Although a revision of the Civil Code in 2007 has allowed parents to decide whether their children should bear the father’s or the mother’s family name, the vast majority of parents still choose to follow tradition when it comes to picking a surname for their children, the Ministry of the Interior said.
“Prior to the revision in 2007, the Civil Code stipulated that children should bear the family name of their father, with very few exceptions allowed, but the law was changed to allow parents to freely decide whether a child should bear the father’s or the mother’s surname for the purpose of protecting gender equality,” Deputy Minister of the Interior Hsiao Chia-chi (蕭家淇) said.
“Six years after the amendment was passed, our data up to last year shows that the vast majority of children born during the period — numbering about 1.14 million, or 95.15 percent — still bear their fathers’ surnames, and only 18,487 children — accounting for 1.54 percent — bear their mothers’ surnames,” Hsiao said.
The rest are children who bear their adoptive parents’ family names, or Aboriginal children with community names.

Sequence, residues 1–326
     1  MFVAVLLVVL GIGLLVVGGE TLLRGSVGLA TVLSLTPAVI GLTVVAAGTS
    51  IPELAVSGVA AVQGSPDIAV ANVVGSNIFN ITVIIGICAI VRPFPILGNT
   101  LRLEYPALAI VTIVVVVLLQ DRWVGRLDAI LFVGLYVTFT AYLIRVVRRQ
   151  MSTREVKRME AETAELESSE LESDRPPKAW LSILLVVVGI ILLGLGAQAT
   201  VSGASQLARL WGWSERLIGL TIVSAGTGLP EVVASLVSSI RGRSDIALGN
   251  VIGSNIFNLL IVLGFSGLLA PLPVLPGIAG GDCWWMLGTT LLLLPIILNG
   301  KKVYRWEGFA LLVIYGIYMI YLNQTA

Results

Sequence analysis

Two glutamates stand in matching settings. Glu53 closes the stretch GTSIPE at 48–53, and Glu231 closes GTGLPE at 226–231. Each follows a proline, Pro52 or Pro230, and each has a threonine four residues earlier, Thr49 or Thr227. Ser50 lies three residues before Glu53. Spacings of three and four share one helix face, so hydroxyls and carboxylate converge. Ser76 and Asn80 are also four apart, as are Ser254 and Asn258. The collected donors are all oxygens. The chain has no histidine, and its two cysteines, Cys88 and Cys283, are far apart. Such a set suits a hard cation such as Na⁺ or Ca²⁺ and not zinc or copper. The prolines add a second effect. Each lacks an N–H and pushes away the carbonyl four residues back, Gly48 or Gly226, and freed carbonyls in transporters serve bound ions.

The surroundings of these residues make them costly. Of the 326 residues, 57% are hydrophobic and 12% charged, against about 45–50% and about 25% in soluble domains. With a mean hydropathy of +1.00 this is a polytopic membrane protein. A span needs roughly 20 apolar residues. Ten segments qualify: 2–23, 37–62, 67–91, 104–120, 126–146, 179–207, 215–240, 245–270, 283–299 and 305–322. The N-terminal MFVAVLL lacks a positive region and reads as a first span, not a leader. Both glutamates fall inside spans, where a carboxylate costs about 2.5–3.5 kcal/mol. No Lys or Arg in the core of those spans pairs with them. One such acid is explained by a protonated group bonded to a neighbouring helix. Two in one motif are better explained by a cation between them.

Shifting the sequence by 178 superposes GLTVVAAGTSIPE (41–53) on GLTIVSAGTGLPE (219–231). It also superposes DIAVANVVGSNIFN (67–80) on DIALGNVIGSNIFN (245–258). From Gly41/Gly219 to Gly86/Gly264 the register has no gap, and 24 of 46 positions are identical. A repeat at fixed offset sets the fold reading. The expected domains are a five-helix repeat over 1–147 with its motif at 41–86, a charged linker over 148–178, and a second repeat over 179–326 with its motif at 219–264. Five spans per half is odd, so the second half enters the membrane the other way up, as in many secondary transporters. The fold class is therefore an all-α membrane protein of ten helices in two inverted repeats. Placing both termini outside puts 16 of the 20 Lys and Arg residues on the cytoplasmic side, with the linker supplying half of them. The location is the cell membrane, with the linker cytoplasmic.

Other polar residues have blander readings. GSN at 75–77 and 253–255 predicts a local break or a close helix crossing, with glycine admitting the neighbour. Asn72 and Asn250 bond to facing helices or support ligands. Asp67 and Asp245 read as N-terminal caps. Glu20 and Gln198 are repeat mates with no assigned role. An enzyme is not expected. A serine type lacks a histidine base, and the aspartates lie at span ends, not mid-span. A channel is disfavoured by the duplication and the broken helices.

The data show that tradition is still an important factor when deciding children’s surname, Hsiao said.
However, if a child’s parents cannot reach an agreement on the surname, they may apply to decide the surname by drawing lots at their local household registration office, Hsiao said.
“Interestingly, in about 80 percent of the cases, it is the mother’s family name that wins in a surname draw,” Hsiao said.
As of last year, 1,623 children’s surnames were decided by drawing lots. Among them, 1,295 ended up with the mothers’ surnames, while only 329 were given the fathers’ surnames, data showed.
Although lot-drawing for family names is done in public, witnessed by household registration officials and recorded, many parents are not happy about the results, Department of Household Registration Director Wanda Chang (張琬宜) said.
“We’ve encountered a case in which a mother who came to the household registration office along with all the required documents and applied to decide her child’s family name by a draw, but was not happy about the result, so she just walked away before making the registration, and came back the second day to make another draw,” Chang said.
“We had to allow her to do that, because she did not complete the legal process to register her child’s birth, and it counted as a new application when she came back the next day,” Chang added.
There has also been a case in which a father did not show up at the draw and was not happy about the result, and therefore sued the household registration office.
“We won the case, as we normally do in such cases, since we always make sure that the draw process meets all legal requirements,” Chang said.
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